However, the team recently unearthed the trove of mirrors and some high glass is still well-preserved and were found in tombs containing remains of both men and women.
One of the mirrors shows four Chinese characters: jia chang fu gui, which roughly translates to ‘home of prosperity.’
Researchers involved with excavations say the giant cemetery was dedicated to the dynasty’s upper-class residents, which may explain why they were buried with exquisite mirrors.
A team from the University of Hon Kong recently studied different Chinese bronze mirrors and in the study they wrote:
‘Modern scholar Liang thought the ancient Chinese got the inspiration of creating a reflective surface to see the world from looking at still water in a lake or pond.’
The earliest mirror was discovered in Gansu Province and dates back to the the Neolithic period’s Qijia culture some 4,000 years ago.
Although the looking glasses became more advanced over time, it was not until the Han Dynasty did the industry begin to flourish.
During this time period, people began to produce them in vast amounts. All of which were created in clay mold castings, allowing people to add intricate details and lettering to accompany the mirrors.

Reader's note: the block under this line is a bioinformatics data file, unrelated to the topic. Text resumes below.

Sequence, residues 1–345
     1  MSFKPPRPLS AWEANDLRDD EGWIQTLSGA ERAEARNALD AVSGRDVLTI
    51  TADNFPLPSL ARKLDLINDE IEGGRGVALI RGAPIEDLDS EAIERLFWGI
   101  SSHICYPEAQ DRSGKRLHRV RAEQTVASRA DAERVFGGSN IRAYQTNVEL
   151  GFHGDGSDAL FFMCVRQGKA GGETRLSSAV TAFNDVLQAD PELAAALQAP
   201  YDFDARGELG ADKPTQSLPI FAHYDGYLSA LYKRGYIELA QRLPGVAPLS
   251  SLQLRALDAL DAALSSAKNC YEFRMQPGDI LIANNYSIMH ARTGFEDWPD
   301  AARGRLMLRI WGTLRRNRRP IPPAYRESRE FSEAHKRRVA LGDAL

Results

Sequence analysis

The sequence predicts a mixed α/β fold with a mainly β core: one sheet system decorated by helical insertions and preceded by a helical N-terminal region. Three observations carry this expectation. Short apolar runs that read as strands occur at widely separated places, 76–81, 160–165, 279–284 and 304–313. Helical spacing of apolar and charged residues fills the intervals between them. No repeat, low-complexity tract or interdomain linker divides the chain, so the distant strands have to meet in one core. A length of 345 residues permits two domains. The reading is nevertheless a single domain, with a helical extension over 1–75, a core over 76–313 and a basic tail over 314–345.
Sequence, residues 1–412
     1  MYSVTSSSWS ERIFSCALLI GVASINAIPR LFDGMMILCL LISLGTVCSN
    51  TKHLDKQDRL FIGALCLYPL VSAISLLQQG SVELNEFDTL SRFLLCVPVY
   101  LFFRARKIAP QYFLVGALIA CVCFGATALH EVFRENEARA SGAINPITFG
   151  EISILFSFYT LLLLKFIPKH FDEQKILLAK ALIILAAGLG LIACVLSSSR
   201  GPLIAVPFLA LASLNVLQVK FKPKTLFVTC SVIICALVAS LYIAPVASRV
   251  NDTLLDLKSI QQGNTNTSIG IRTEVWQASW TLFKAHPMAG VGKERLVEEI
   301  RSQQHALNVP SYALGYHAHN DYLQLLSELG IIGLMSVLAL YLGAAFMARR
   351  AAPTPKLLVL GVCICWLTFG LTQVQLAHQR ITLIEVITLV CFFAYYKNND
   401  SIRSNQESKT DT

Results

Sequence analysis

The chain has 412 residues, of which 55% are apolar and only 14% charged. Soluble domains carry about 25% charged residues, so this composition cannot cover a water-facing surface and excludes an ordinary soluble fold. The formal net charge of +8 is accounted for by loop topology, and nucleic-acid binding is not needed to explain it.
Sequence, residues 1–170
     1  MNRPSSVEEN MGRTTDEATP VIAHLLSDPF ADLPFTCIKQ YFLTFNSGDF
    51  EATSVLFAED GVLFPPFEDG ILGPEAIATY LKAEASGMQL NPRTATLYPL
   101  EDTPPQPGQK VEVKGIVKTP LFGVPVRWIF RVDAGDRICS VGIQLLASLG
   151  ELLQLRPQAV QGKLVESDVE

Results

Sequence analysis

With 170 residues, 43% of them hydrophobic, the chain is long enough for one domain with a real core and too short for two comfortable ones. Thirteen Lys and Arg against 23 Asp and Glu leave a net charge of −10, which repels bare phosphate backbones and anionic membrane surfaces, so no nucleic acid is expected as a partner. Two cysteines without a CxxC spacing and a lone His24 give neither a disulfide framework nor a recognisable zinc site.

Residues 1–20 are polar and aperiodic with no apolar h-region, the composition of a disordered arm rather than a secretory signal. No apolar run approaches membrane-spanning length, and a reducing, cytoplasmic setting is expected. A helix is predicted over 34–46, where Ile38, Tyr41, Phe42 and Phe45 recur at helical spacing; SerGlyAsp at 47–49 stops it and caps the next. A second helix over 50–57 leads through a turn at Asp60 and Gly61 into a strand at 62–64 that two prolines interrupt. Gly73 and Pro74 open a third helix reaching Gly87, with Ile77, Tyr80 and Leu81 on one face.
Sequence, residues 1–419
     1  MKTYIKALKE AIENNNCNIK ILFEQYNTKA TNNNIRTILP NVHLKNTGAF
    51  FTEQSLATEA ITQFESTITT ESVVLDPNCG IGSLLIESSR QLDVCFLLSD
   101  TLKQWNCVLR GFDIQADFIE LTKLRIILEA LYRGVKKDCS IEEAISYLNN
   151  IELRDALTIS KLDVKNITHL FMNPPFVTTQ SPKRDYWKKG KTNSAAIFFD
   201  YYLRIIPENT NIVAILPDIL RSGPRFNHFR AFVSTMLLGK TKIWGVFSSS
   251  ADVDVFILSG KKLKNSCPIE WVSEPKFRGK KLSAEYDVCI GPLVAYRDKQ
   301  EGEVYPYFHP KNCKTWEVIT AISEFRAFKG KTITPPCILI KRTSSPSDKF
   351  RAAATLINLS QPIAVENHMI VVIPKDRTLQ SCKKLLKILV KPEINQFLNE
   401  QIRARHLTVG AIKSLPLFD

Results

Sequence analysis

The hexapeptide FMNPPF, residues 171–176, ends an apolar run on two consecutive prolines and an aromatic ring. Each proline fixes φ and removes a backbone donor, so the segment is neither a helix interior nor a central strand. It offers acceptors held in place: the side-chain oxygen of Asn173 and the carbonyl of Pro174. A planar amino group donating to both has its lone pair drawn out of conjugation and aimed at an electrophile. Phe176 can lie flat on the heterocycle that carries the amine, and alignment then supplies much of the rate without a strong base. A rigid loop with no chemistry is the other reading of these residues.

‘An archaeological excavation of a mirror workshop dated to the Western Han dynasty in Shandong province, P. R. China proved this practice was employed. Before clay molds, stone molds were used,’ reads the study published in the Heritage Science Journal.
Most of the ancient Chinese mirrors contain mostly copper and tin, along with traces of lead. Bronze mirrors were polished after casting to make the surface as smooth as possible to render the best reflective property.
Unlike other bronze objects the mirror has a specific and special function so the reflective surface has to be treated to increase the reflective effectiveness.
‘The newly discovered mirrors are great references for archaeologists to further study the material culture of the early and middle periods of the Western Han Dynasty,’ an archaeologist in Xi’an told the Global Times.
‘They are also excellent examples of the aesthetic taste of ancient Chinese and possess both historical and artistic values.’
The Han Dynasty is considered a golden age in Chinese history with advances in science and medicine as well as the flourishing of poetry, literature and beautiful artwork.
Archaeologists have uncovered a number of wonders, tombs and even ancient wines that date back to this era.
For example, pulleys and wheelbarrows were made to move goods, bellows used to aid furnaces and water-powered hammers to smash grain.